I am a newcomer to Keyboard Maestro, but it only took a few short hours before I was converted to a junkie. It is, by far, one of the most powerful, interesting, and helpful apps I have ever used. It is hard to explain in brevity, but as best I can describe it it’s an app for power users whom understand the power of AppleScripts, Automations, and hotkeys — yet who don’t know how — or don’t enjoy — to write AppleScripts.


I use OmniFocus differently now that I am writing full time. I still add all my to-do items into OmniFocus, but it’s not always the primary to-do list that I work from during my day. There are often things which I want to do for the site that I don’t have time to do now and so I’ll set them as due in a week or two. But — as usually seems to be the case — I am just as busy a week or two later as I was when I was too busy to do that item the first time. Therefore, OmniFocus is primarily full of things that should get done but which are not vital to the survival of this site. I review the list every day (usually on the iPad) and will re-arrange what has shown up as due that day down to only what is necessary and what is reasonable.

However, I usually don’t review my OmniFocus task list until later in the day — often times preparing for what is needed to do tomorrow rather than today. The reason for this is that in the morning when I am first starting out, I usually write down onto paper what I want to get done that day: is there anything I especially want to link to, are there any emails I know need my attention, etc.

The Web is always moving on to the next thing. Something that is hot right now will be cold in a few hours. An article I’ve spent days or weeks working on is only exciting for a day or two, and may not bring any new traffic or readership to the site. There is a constant turning over of projects and goals — things move fast online.

Because of this rhythm I’ve noticed that it is easy to look back at a day spent writing and reading but feel as if I didn’t actually accomplish anything that day. Which is why it’s important for me to have a short list of the things I wanted to do and when I feel as if my day was unproductive I can look at the list and see that I actually accomplished all that I wanted to.

Put another way, writing a weblog full time is not unlike farming. Lots of chores and lots of busy work that take up time every single day, but the fruit of that labor is seasonal. My daily to-do list helps me stay on track, and OmniFocus helps me keep the long-term, seasonal goals from slipping through the cracks.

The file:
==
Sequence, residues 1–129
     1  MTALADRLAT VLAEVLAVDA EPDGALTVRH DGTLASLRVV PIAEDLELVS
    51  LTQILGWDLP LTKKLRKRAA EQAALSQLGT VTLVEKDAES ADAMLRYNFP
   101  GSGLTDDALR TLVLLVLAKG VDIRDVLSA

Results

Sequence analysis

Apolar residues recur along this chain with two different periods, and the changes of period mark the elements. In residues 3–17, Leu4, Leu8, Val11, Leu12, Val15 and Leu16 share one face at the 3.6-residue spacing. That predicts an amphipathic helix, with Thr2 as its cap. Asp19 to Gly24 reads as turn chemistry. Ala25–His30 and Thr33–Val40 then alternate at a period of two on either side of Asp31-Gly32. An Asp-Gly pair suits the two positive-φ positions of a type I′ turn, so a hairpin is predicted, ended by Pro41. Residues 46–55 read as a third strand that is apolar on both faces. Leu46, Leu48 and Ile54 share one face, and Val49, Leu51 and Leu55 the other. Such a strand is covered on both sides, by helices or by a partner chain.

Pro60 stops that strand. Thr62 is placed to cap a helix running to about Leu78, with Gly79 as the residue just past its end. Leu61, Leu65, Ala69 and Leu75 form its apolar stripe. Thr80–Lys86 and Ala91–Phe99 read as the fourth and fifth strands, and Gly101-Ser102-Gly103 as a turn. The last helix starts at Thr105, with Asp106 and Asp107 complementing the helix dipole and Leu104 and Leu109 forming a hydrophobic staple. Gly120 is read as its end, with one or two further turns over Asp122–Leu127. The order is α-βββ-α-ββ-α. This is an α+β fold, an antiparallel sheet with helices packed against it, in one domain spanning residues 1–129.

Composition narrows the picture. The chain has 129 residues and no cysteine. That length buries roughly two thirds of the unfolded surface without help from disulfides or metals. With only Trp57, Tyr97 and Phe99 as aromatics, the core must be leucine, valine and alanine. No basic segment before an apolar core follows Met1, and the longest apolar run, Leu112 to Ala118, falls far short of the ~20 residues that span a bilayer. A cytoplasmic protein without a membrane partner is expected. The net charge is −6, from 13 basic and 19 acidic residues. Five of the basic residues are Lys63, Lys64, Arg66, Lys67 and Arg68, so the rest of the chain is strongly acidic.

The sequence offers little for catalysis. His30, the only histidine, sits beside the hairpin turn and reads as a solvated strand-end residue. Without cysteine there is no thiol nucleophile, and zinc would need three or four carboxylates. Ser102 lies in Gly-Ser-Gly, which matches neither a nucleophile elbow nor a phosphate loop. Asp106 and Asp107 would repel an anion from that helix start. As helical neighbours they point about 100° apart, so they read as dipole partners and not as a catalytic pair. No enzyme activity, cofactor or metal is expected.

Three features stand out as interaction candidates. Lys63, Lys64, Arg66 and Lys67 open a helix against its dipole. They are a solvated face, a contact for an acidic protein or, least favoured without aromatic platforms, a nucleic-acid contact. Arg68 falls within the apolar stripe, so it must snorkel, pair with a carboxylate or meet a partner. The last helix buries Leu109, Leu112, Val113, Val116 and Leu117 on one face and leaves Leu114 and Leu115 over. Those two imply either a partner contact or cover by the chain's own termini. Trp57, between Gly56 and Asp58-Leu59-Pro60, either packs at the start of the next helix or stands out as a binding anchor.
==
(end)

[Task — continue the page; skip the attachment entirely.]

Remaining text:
NetNewsWire and Reeder

I have been rocking back and forth between my usage of Twitter and RSS for finding news, stories, and information. Though I am prone to look for news and content via Twitter, I am finding that it is not the best place for link-worthy content. Sure, I find lots of things that are interesting and easy to spend my time on, but most of the time they are things which are not worth linking to from

The vast majority of link-worthy content I find in my RSS feed. On the Mac I still use NetNewsWire. However, I am most successful at combing through my RSS feed when I’m on my iPad. And on the iPad I use Reeder. Unless I’m really focused on a project I try to take at least one or two breaks in my day to sit down and comb through RSS feeds.

For the curiously nerdy, I am currently subscribed to 152 RSS feeds.

WireTap Studio

I do all my recordings for Shawn Today with WireTap Studio. I have the metadata for file name and audio type and quality pre-set so that once I’m done recording I just add the album artwork and upload to the S3 server.


By far, the most essential app to my life as a blogger is MarsEdit. This is where I write my site.

I write in Inconsolata, 13 pt, light text on a dark background. I have the custom keyboard shortcuts for markdown all set. And MarsEdit has a helpful bookmarklet which lets me take the current URL in Safari and then throw it into MarsEdit as a link post. And thanks to MarsEdit’s “live preview” ability, I can see exactly how the post will look when published on my website without having to write live to the site.

The iPad

A side-note for the curious: my iPad gets very little use as a writing tool. If and when I write using my iPad it is with Simplenote. However, the iPad is primarily used for reading: reading my Instapaper queue, reading RSS feeds, and reading eBooks. Also, as mentioned above, I use it to review and scrub my OmniFocus lists because OmniFocus on the iPad is killer.

The Missing App

There is one glaring hole of an app that would make my professional life much easier: MarsEdit for iOS. Or something like it. I am not so much in need of a full-fledged blogging app for my iPad and iPhone so much as I am in need of a way to post links to my site from my iPad or iPhone.

I find a lot of link-worthy content away from my laptop. Either when I’m reading on my iPad or surfing the Web on my iPhone. What I need is an app that takes the current Mobile Safari URL, title, and any highlighted text and then populates a post editing window with those items. From there, if I could adjust the title and the slug and hit publish, I’d be happy.

There have been hints of this in various forms, such as modified versions of the WordPress “Press This” bookmarklet and other plugins, but there is nothing ideal just yet. I’ve added it to my to-do list to spend a good amount of time fiddling with the Press This bookmarklet to see if I can turn it into something useful, but I haven’t gotten there yet. I have yet to find a best-of-breed blogging app for the iPhone or iPad that meets my narrow and specific needs.

An Ode to Software